For the Shia Islamic belief, see the Occultation. For the social phenomenon, see social occultation.
In this July 1997 still frame captured from video, the bright star Aldebaran has just reappeared on the dark limb of the waning crescent moon in this predawn occultation.

An occultation is an event that occurs when one object is hidden by another object that passes between it and the observer. The word is used in astronomy (see below). It can also refer to any situation wherein an object in the foreground blocks from view (occults) an object in the background. In this general sense, occultation applies to the visual scene observed from low-flying aircraft (or computer-generated imagery) wherein foreground objects obscure distant objects dynamically, as the scene changes over time.

Occultations by the Moon

Occultation of a star by the Moon

The term occultation is most frequently used to describe those relatively frequent occasions when the Moon passes in front of a star during the course of its orbital motion around the Earth. Since the Moon, with an angular speed with respect to the stars of 0.55 arcsec/s or 2.7 µrad/s, has a very thin atmosphere and stars have an angular diameter of at most 0.057 arcseconds or 0.28 µrad, a star that is occulted by the Moon will disappear or reappear in 0.1 seconds or less on the Moon's edge, or limb. Events that take place on the Moon's dark limb are of particular interest to observers, because the lack of glare allows these occultations to more easily be observed and timed.

The Moon's orbit is inclined to the ecliptic (see orbit of the Moon), and any stars with an ecliptic latitude of less than about 6.5 degrees may be occulted by it. There are three first magnitude stars that are sufficiently close to the ecliptic that they may be occulted by the Moon and by planets – Regulus, Spica and Antares.[1] Occultations of Aldebaran are presently only possible by the Moon, because the planets pass Aldebaran to the north. Neither planetary nor lunar occultations of Pollux are currently possible. However, in the far future, occultations of Pollux will be possible, as they were in the far past. Some deep-sky objects, such as the Pleiades, can also be occulted by the Moon.

Jupiter (the bright object in the upper right) a few minutes before being occulted by the Moon on 16 June 2005

Within a few kilometres of the edge of an occultation's predicted path, referred to as its northern or southern limit, an observer may see the star intermittently disappearing and reappearing as the irregular limb of the Moon moves past the star, creating what is known as a Grazing lunar occultation. From an observational and scientific standpoint, these "grazes" are the most dynamic and interesting of lunar occultations.

The accurate timing of lunar occultations is performed regularly by (primarily amateur) astronomers. Lunar occultations timed to an accuracy of a few tenths of a second have various scientific uses, particularly in refining our knowledge of lunar topography. Photoelectric analysis of lunar occultations have also discovered some stars to be very close visual or spectroscopic binaries. Some angular diameters of stars have been measured by timing of lunar occultations, which is useful for determining effective temperatures of those stars. Early radio astronomers found occultations of radio sources by the Moon valuable for determining their exact positions, because the long wavelength of radio waves limited the resolution available through direct observation. This was crucial for the unambiguous identification of the radio source 3C 273 with the optical quasar and its jet,[2] and a fundamental prerequisite for Maarten Schmidt's discovery of the cosmological nature of quasars.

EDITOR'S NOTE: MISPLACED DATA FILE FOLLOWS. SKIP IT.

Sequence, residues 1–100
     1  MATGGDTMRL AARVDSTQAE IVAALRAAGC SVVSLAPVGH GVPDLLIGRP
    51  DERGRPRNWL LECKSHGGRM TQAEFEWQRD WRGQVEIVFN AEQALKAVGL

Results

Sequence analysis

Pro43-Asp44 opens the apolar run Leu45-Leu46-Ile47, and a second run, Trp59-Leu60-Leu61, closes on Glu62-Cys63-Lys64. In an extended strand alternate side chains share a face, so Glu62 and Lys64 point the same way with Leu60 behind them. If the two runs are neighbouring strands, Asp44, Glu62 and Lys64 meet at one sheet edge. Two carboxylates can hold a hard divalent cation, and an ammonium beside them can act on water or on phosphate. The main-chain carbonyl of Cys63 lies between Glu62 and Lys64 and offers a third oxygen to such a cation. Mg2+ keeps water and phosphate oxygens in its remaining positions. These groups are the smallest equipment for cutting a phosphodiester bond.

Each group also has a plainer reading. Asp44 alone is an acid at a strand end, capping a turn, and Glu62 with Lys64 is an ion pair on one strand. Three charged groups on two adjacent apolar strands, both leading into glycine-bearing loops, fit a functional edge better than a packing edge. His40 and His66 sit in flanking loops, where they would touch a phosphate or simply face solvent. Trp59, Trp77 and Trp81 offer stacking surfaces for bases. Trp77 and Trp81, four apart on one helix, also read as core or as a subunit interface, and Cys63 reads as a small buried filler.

Several times during the year, someone on Earth can usually observe the Moon occulting a planet. Since planets, unlike stars, have significant angular sizes, lunar occultations of planets will create a narrow zone on Earth from which a partial occultation of the planet will occur. An observer located within that narrow zone could observe the planet's disk partly blocked by the slowly moving moon. The same mechanic can be seen with the Sun, where observers on Earth will view it as a Solar Eclipse. Therefore, a Total Solar Eclipse is effectively the same event as the Moon occulting the Sun.

Occultation by planets

A grazing occultation of Rhea, a moon of Saturn, by another moon, Dione, as photographed from the Cassini–Huygens unmanned spaceprobe.

Stars may also be occulted by planets. In 1959, Venus occulted Regulus.[1] Uranus's rings were first discovered when that planet occulted a star in 1977. On 3 July 1989, Saturn passed in front of the 5th magnitude star 28 Sagittarii. Pluto occulted stars in 1988, 2002, and 2006, allowing its tenuous atmosphere to be studied via atmospheric limb sounding.

Mutual planetary occultations

In rare cases, one planet can pass in front of another. If the nearer planet appears larger than the more distant one, the event is called a mutual planetary occultation.

Occultations by asteroids

This animation shows the path of the shadow of the dwarf planet Makemake during an occultation of a faint star in April 2011. Note: the actual shape of the shadow on Earth will not be exactly round as shown here. This video is to illustrate the phenomenon.

An asteroid occultation occurs when an asteroid (also known as a minor planet) passes in front of a star (occults a star), temporarily blocking its light (as seen from Earth).[3] Several events occur nearly every day over the world. From any particular place such events occur almost every night, although most require a telescope to see. Professionals and amateurs around the globe are collaborating over the Internet to exchange their observation for a joint analysis.[4]